The Washington Post

Court says Obama exceeded authority in making appointments

White House Press Secretary Jay Carney discussed Friday’s ruling that President Obama violated the constitution when he bypassed the Senate last year to fill vacancies on a labor relations panel. Carney says the White House “strongly disagrees” with the decision. (The Washington Post)

President Obama exceeded his constitutional authority by making appointments when the Senate was on a break last year, a federal appeals court ruled Friday. The court’s broad ruling would sharply limit the power that presidents throughout history have used to make recess appointments in the face of Senate opposition and inaction.

A unanimous three-judge panel of the U.S. Court of Appeals for the District of Columbia Circuit flatly rejected the Obama administration’s rationale for appointing three members of the National Labor Relations Board (NLRB) while the Senate was on a holiday break.

Chief Judge David B. Sentelle sharply criticized the administration’s interpretation of when recess appointments may be made, saying it would give the president “free rein to appoint his desired nominees at any time he pleases, whether that time be a weekend, lunch, or even when the Senate is in session and he is merely displeased with its inaction.” He added, “This cannot be the law.”

The issue seems certain to end up before the Supreme Court, which ultimately could clarify a president’s authority to fill his administration and appoint federal judges when a minority of the Senate blocks consideration of his choices.

Although recess appointments have been made throughout the nation’s history, they have been more commonly made by modern presidents who face partisan opposition that has made it hard for nominees to even receive a vote in the Senate.

Additionally, Friday’s decision casts doubt on hundreds of decisions the NLRB has made in the past year, ranging from enforcement of collective-bargaining agreements to rulings on the rights of workers to use social media.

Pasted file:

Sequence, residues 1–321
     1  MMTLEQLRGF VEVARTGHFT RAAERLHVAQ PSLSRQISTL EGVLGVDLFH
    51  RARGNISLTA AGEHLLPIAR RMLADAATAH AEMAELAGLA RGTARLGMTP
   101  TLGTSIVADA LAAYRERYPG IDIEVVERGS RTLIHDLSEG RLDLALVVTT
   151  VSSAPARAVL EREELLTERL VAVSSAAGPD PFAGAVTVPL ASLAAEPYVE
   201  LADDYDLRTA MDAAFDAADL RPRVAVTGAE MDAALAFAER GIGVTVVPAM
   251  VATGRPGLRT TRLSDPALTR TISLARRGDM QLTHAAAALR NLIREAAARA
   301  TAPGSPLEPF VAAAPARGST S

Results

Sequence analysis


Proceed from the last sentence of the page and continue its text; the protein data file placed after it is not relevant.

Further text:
The ruling also raises questions about the recess appointment of former Ohio attorney general Richard Cordray to head the fledgling Consumer Financial Protection Bureau and about the actions taken by the agency during his tenure, including major new rules governing the mortgage industry. Obama named Cordray at the same time as the NLRB nominees, and his appointment is the subject of a separate lawsuit in D.C. federal court.

The White House criticized the court ruling. “The decision is novel and unprecedented, and it contradicts 150 years of practice by Democratic and Republican administrations,” White House press secretary Jay Carney told reporters Friday. “We respectfully but strongly disagree with the ruling.”

Presidents from both parties have made hundreds of recess appointments when the Senate has failed to act on nominations. Ronald Reagan holds the record with 243. Obama’s predecessor, George W. Bush, made 105, and it was during his term that Senate Democrats began holding pro-forma sessions, some lasting less than a minute, when the Senate went on break. They contended that that kept the Senate in session and did not allow Bush to make recess appointments.

Republicans took up the practice when Obama was elected. But Obama decided to challenge it in January 2012, when the Senate was on a 20-day holiday but holding pro-forma sessions every three business days to block presidential action.

Obama moved ahead with the nomination of Cordray, who many Republicans considered overly antagonistic toward business, and three NLRB members — Sharon Block, Terence F. Flynn and Richard F. Griffin Jr.

At the time, the NLRB had only two members and was thus unable to take any official action. Some Republicans were worried that the board under Obama would be too pro-union.

Obama said he had the authority under the Constitution’s recess appointments clause, which grants power for such appointments “during the Recess of the Senate,” when senators are unavailable to provide their advice and consent.

Sentelle, joined by Judges Karen LeCraft Henderson and Thomas B. Griffith, said that the Constitution’s reference to “the Recess” means that appointments are allowed only during the recess between sessions of the Senate, not when the Senate is simply on a break. It was not up to the president to decide what constitutes a recess, Sentelle said.